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    4. Also I forgot to say that I'm no longer struggling with the bout of MRSA I had. That went out of my system months ago. If you read my blog in full you will see that I am recovering from the harsh effects of topical steroid addiction and am slowly building up my immune system from the immunosuppressive drugs I was made to take for 3 and a half years. The body undergoes various stages of healing and weeping skin with wide spread redness and itchiness are just some of the horrible symptoms. You can read more about it on itsan.org.

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    5. If that's the case, I'm sorry for the misunderstanding that I had. I assure you it was my fault, because I've only had time to briefly skim your blog in addition to all the other things I've had to look at/do/think about in the past hours since I've found out about this. I think that I will steel myself and go down to see/help them. Thanks once again for your words and blog, if you've successfully fought off MRSA it helps me be more confident. I wish you the best of luck, I can't imagine how hard it is for you.

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  6. Hi Jenny
    I also used soft white paraffin/petroleum jelly(same intrusive chemical) and found it actually messed up my system cause of the harsh base its made from(paraffin) Even though the greasiness helps the chemicals actually aggravated my body/skin. When i see how you are suffering i just need to pass on what i have found through my own experience and if i can help just in a small way to alleviate your discomfort then its worth it. I make a rich greasy moisturiser from mango butter(naturally heeling) almond, castor, jojoba oils etc. This made a massive difference to by body and allows it to heal quite quickly. All the products purchased thru ebay and cost me around £15 to make a massive 600g that last me a couple of months.
    Regards
    Tracie

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  7. Dear Jenny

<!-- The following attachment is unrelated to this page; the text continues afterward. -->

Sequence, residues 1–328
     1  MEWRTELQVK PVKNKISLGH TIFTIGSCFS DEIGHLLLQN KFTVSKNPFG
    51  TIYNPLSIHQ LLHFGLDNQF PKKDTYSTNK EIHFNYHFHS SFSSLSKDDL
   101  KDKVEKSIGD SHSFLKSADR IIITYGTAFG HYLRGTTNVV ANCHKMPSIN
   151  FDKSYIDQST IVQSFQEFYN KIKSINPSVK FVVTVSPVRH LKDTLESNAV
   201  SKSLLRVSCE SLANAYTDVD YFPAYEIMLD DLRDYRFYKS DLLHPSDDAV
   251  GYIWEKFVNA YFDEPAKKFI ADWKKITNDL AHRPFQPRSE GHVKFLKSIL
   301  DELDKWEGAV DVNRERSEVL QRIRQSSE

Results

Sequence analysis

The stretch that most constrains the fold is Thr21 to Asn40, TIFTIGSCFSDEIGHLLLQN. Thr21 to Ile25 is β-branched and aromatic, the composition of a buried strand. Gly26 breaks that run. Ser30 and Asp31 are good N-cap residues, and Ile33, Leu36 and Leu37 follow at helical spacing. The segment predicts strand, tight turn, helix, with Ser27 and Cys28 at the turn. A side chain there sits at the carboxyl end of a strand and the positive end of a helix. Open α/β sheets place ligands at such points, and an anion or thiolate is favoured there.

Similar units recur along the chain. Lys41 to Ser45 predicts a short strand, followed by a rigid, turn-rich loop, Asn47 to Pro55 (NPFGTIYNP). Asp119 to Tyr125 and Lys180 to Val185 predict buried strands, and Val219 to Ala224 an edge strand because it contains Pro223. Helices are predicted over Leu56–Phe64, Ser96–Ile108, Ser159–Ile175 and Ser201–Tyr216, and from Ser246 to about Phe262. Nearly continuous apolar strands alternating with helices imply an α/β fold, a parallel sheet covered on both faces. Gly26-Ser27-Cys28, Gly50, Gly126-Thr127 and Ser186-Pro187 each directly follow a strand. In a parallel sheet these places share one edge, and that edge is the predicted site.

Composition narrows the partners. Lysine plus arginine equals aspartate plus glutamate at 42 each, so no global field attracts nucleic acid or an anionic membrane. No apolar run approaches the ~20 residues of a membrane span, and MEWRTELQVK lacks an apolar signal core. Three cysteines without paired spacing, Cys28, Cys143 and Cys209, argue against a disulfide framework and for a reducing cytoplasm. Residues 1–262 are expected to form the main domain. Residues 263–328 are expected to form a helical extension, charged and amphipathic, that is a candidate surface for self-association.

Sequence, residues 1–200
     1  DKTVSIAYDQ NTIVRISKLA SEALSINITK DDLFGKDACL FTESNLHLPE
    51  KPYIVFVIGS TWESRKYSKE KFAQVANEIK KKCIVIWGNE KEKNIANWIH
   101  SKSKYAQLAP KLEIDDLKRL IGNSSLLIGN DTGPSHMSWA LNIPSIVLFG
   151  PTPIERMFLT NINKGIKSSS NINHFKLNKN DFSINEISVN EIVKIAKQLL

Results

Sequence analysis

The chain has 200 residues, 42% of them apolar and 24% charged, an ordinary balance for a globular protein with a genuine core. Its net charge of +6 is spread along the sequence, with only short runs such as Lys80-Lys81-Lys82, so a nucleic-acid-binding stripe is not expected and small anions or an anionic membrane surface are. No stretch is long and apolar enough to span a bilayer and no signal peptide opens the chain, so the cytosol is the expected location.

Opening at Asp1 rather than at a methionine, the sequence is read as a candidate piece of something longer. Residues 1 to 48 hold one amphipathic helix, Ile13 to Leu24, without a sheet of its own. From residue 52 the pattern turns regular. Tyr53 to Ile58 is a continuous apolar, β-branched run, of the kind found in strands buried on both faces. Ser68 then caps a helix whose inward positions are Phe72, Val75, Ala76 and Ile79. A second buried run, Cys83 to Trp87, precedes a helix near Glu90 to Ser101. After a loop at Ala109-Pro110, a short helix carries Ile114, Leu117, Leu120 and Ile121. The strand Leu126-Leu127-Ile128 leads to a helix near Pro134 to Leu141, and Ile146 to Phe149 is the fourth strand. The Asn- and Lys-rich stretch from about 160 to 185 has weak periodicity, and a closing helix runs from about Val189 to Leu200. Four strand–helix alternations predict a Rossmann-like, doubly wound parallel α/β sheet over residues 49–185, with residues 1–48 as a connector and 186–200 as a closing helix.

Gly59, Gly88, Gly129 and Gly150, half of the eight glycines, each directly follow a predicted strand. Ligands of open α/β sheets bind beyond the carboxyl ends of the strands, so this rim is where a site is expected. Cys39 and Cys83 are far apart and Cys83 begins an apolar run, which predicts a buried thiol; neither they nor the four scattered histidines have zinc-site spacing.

last year my eczema [which i had always been told was the seborrheic type] became terrible for no reason i could think of, i literally couldn't walk because the skin on my legs was so inflamed, and on my arms it went all the way down to the wrists and onto the backs of my hands. At night my arms and legs would itch like mad for hours, i was covered in scratches. Having had treatment for moderate eczema for over 20 years, i didnt think my gp would be able to do much for me other than prescribe strong steroids, but after months of no change i was desperate so off i went to the doctors and saw a gp whose specialist interest was dermatology and she gave me some vit D ointment to try [dovonex - the one without steroids] and it has been really good, the itching has gone, the inflammation is 80% better. the ointment is greasy and gets on your clothes a bit. i wish i was brave enough to have taken some before and after photos, but i just wondered whether you have ever been given vit D ointment to try?

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  8. Ive had eczema all my life...but two years ago it became a living nightmare. My skin would flake so bad..i had piles of skin on the floor..clothes. .it was embarrassing. .I was extremely cold all the time...I could barely move from being in so much pain..I could literally take my finger and peel layers of dead skin..I tried everything. .went to several doctors. .dermatologist. ..ended up with a specialist with Ohio State University. .found out I had a combined staph and fungus infection mixed with my eczema. .I was treated with antibodic..special cream and fungus meds for several months ( im still getting treated)..but my skin is 89% better....I feel like im claiming my life again...I understand the struggle. .I still have my days but not like it was before..I truely hope things will turn around soon..We are extremely brave people ..courageous to deal with the daily challenge. .DON'T Ever Give Up!

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  9. Don't give up Jenny! It will get better, you are on the path to recovery, its just going to take time. 1 step forward, 2 steps back, unfortunately - but the hope is that once you're through this there's no going back, you'll be permanently recovered. Hold on to that! Take care, Louise x

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  10. Hi Jenny,

    I wanted to thank you so much for your blog - I've just finished reading every entry. I started having flare ups a few months back that my daily topical steroid wouldn't address and finally found the source of the issue (TSA/TSW, of course) with my first severe flare up this past Monday. Reading through your blog has given me both fear and hope... I am not looking forward to the months ahead, but having your testimony through this process will remind me that there is light at the end of the tunnel!! Thank you again for your blog.

    -Virginia